Being rooted in one place forces us to engage with the reality of our physical locality, make deeper connections with those on our doorstep and invest our time, energy and resources in our local neighbourhood. Through the first lockdown there were many wonderful tales and stories of great community service and renewed community relationships, as a result of a forced physical grounding in one particular place.
The command to stay at home also resulted in the closure of churches across the nation. Yet, as we re-discovered the sanctity of our physical locations, we began to yearn for a return to physical gatherings in an ecclesial context. When churches ‘went online’ we discovered a digitalised way of doing church. Yet, there was a growing realisation that Church is more than just watching a service. There was a clear awareness that there is power in the gathering of individuals in one physical location. In many ways, we began to re-discover something of the power of place in our personal, familial and ecclesial lives.
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Place and belonging
So, what conclusions can we draw from this historical event that can help us to develop a more profound theology of place, which can help us relate more intimately to our physical locations and ground us more clearly in an understanding of the divine nature of place? Perhaps the primary conclusion could be that a broader theology of place contributes significantly to our sense of true belonging.
Humans have an innate desire to belong. It’s not something we’re taught at school nor educated to crave through our family upbringing. It’s something that simply is, as a result of our humanness. In psychology this idea is often referred to as ‘belongingness’. Roy Baumeister and Mark Leary, in a paper exploring this theory of ‘belongingness’, conclude that “human beings are fundamentally and pervasively motivated by a need to belong, that is, by a strong desire to form and maintain enduring interpersonal attachments.”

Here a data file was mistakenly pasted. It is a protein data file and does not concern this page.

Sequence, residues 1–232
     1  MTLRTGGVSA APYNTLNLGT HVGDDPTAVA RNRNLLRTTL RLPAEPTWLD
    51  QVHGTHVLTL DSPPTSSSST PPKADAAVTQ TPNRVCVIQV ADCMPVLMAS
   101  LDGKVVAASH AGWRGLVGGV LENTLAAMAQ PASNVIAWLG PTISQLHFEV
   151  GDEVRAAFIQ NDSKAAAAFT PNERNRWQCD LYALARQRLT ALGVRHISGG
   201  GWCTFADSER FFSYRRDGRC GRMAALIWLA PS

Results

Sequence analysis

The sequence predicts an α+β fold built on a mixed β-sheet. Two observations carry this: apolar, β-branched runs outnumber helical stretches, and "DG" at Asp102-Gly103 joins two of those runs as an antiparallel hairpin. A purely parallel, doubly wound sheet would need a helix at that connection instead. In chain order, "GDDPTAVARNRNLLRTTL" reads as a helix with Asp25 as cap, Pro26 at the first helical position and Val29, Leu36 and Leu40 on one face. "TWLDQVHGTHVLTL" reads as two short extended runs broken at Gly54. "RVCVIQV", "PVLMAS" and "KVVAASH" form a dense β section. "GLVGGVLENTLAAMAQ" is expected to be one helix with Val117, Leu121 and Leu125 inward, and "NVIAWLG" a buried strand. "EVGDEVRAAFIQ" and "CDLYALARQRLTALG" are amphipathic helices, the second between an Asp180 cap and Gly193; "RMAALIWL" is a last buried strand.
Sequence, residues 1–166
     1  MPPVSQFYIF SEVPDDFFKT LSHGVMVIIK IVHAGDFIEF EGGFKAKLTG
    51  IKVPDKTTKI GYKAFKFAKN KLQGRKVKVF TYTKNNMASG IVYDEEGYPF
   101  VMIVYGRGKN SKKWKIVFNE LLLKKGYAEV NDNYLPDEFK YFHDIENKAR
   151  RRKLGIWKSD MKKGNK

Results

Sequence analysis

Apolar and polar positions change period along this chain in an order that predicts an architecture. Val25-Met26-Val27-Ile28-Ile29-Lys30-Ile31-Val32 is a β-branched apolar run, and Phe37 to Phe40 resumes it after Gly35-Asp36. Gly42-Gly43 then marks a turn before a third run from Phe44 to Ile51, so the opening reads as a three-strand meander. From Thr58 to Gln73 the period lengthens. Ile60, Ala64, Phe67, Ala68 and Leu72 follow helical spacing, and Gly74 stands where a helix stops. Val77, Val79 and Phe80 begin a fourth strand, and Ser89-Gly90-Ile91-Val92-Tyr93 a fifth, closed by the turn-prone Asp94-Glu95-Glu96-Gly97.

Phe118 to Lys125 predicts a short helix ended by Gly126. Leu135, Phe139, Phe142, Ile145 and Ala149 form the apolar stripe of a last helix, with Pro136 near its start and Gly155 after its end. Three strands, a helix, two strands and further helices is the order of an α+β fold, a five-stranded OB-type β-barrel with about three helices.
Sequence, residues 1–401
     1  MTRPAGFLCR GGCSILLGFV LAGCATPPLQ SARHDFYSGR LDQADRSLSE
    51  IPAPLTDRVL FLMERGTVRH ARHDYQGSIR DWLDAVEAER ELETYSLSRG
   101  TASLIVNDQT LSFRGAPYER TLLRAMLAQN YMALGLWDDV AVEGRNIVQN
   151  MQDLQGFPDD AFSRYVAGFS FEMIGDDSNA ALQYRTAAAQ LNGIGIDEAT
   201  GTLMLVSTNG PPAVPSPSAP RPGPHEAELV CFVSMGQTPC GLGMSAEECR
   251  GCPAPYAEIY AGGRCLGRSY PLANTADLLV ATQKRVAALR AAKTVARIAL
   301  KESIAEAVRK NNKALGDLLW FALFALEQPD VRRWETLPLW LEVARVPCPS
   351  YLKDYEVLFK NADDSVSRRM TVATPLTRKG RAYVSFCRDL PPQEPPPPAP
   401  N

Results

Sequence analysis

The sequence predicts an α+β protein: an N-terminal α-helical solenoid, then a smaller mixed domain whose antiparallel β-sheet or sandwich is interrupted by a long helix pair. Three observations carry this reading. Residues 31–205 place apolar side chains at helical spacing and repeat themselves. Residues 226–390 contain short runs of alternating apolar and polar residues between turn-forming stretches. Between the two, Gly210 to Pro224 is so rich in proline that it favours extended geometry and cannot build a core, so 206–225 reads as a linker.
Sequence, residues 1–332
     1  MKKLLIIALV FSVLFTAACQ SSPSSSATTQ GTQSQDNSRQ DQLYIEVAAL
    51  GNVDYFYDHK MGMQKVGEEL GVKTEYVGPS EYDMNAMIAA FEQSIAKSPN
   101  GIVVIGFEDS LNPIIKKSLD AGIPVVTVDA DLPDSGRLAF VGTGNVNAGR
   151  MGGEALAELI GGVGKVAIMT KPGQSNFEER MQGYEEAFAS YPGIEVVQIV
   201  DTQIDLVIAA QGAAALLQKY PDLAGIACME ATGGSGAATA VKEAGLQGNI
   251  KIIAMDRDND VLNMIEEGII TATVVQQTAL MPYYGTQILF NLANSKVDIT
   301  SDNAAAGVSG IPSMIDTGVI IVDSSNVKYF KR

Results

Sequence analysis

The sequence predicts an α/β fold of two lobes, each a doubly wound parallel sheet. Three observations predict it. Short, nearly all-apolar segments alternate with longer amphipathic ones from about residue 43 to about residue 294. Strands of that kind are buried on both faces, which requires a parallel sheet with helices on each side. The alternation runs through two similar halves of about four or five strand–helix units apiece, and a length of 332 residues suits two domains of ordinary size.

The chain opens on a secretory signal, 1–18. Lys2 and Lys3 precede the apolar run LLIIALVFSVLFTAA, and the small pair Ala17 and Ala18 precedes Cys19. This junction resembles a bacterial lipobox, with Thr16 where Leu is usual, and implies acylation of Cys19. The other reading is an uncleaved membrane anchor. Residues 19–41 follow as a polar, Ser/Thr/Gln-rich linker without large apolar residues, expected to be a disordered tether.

It is this sense of belonging that is amplified through a larger understanding of the divine nature of place. We know that one of the primary ways we belong is through community; being tied to geographical place by deep relationships. And it was this sense of belonging which rose to the fore for many during the Covid-19 pandemic. Stories of communities coming together, neighbours looking out for one another and renewed sense of local pride all suggested there was a renewal of belonging that was rooted in the reality of physical location.
The role of place in our theological outlook
More simply, we can conclude that physical place is important for God and, as such, it should be important to us. God called the Israelites to a particular place (Gen 12:1). He revealed his presence in a particular place (1 Kings 8:11). He planned for Jesus to be born in a particular place (Micah 5:2). And he promises us a great future that will be realised in a particular place (Rev 21:2).
These allusions to place that we read about in scripture are not incidental to the biblical narrative. Rather, they are a key contributing part of the stories that shape our understanding of God and of ourselves. Place, therefore, plays a significant role in what it means to be human and what it means to be in communion with others. Place matters! Where we live, where we work, where we build community, is not incidental to the plan of God but central to it. We are rooted in physical places for a reason, and we must both seek and help others to seek a deeper understanding of what that means for our lives as followers of Jesus.
So, as we unpack and develop a firmer grasp on the need to journey towards a divine theology of place, we equally journey further to a sense of true belonging and a sense of recognising the call of God to a deeper revelation of the sanctity of place.
Towards a theology of place
While we may no longer need to stay at home, and while the world is slowly getting back to the routines and rhythms that existed prior to the Covid-19 pandemic, we can nonetheless carry with us the lessons and revelations of the last three years, particularly with regards to our understanding of the role that physical place can play in our walk of faith.
God has created us as physical beings who live in physical places within physical communities. He is calling us towards a deeper revelation and a renewed appreciation for the sacred spaces we find ourselves in. He is inviting each of us to take our part in forming communities and places that reflect his beauty and usher in his kingdom, as a part of our missional work here on Earth.
Timothy James is a theological researcher and writer, and an undergraduate tutor at St Mellitus College, London. Tim is also the founder of Access Theology: a start-up organisation which is committed to equipping followers of Jesus and resourcing churches through the creation and distribution of accessible theological resources.